I wasn't sure what to expect. To be totally honest, I was expecting some scanned-in JPEGs, for twice the price. But no! Somewhere inbetween a PowerPoint presentation and a TV Cartoon series, the comics take on a whole new form, as the frames have dynamics, and really add to the pacing of the story.

And the store is actually easy to use. unlike some of the other comic shops I've used since, the Marvel and DC store are incredibly easy to use. Let's not kid ourselves, they want our hard-earned dollars, but they do it in such an easy and pleasurable way, it makes for a very pleasant experience. Like being robbed by your nan. They do some good introductory comics for free, that entice you in and show you the brilliance of the work they've done.

So far, I've been enjoying the House of M series, and have realised this is going to open another dimension into how many comics I'm going to read. If you haven't checked it out yet, give it a look. It may just reignite the love affair with the idiot's novel once more. It may even make you find something stupid in a Museum gift shop, pretending you're Dr Doom.

Oh dear.

Friday, 16 July 2010

We have a YouTube channel....

Launched this morning called 'ChannelGainboy.' This new channel demands new subscribers, comments and your own video recommendations. Created by our own Drluciansanchez it features different playlists ranging from favourite t.v clips to amazing game trailers.

Clink the link to head there now....
please Subscribe and enjoy

Hip-Hop, with a videogame twist...

This is a short but very sweet post today, but if something is good it's worth bringing to your attention world. Good afternoon, ladies and Gentleman and welcome to the 9Lives Battle Tour !! Set up by my friend and work collegue Joe public AKA J-toker this epic rap battle sees him touring 9 cities, on 9 different dates facing off against 9 different opponents.
Kicking off 23rd october 2010, who will you choose for a flawless victory!

Checkout these links to find out more about this upcoming event.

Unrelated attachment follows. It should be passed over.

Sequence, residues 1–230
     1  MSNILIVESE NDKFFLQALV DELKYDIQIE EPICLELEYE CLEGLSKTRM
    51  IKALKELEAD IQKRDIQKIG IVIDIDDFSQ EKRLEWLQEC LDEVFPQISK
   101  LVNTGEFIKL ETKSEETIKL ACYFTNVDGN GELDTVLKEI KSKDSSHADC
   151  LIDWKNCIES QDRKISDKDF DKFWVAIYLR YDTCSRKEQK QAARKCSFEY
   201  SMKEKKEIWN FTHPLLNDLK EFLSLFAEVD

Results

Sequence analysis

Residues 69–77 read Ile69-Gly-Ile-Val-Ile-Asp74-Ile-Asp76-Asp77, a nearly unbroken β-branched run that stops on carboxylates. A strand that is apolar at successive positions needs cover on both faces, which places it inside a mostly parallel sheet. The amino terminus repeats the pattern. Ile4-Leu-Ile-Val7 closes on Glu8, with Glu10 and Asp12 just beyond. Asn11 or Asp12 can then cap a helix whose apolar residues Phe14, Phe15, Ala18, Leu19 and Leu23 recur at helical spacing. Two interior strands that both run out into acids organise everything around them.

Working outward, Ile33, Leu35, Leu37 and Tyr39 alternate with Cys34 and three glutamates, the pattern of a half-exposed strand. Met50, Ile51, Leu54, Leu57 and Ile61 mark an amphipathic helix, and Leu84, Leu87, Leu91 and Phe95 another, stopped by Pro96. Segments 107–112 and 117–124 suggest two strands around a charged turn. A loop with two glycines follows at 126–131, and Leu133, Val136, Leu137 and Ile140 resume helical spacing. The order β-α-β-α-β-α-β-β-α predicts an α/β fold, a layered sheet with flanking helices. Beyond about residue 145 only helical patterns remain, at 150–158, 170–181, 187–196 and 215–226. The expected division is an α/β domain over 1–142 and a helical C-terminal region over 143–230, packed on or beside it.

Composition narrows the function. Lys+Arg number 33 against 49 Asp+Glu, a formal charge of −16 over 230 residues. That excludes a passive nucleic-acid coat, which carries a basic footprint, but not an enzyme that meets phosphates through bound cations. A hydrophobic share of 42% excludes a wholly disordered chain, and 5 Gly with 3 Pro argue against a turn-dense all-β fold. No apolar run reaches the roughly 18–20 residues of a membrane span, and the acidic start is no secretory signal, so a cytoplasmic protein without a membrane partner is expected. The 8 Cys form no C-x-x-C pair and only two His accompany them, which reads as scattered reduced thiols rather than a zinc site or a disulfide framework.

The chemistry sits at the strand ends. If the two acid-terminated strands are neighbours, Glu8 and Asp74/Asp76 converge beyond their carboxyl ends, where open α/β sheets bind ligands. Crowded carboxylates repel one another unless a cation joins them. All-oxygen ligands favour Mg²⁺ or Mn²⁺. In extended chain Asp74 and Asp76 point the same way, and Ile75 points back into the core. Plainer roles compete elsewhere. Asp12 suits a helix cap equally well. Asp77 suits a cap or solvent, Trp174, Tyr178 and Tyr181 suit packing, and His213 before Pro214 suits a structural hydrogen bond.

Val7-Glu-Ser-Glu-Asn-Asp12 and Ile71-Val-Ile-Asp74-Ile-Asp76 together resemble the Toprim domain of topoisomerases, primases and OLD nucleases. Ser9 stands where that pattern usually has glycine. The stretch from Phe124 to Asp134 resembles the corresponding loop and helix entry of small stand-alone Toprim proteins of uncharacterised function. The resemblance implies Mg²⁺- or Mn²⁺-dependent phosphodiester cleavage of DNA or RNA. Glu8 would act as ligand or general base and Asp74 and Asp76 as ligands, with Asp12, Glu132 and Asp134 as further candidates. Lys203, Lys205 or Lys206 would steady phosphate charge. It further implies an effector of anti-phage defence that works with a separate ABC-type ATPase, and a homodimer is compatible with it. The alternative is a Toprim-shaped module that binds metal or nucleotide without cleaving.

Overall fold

Also look out for 'Soapbox' the new fusion band featuring J toker and members of Population 4

Load up and enjoy,
The good Dr

Tuesday, 13 July 2010

Metro 2033: Terrible, but Fantastic.

Hey there!

It's been a while. Sorry for my apparent disappearence from the planet, but I've been moving house. Moving one's worldly possessions from one place to another is a lot more stressful and time-consuming than you think, and has left me with little time to think, let alone game. But game I did. The lack of internet meant I've been playing games old-school. No online, no co-op, just straight gaming. Luckily, my latest rental from LoveFilm was exactly that, and I adjusted myself in my new gaming space (my living room) and awaited my internet arrival and killing time with a game that took me totally by suprise. Metro 2033...

Not in a long time has a game intrigued me this much. Absolutely fascinating. I'm almost scared to recommend it so fearlessly, as it's a bit shit. But then it's good. See? Look at the turmoil I'm facing within myself! This game has me flustered, to the point logic is taking a backseat. Let's get a grip, talk about the bad points first, and hopefully restore some kind of order.

The hit detection is shockingly bad. When you shoot a dude, they have to go through an animation before you can cause damage again. This leads to frustration, and approaching the game in an almost rhythym-action manner. We also have the level design being punishing to the point of sadism in parts, and god-awful Faux-Russian voice acting. Add to this uninspiring gunplay and a rather disappointing ending, and it's difficult to see why I'm writing about this game at all.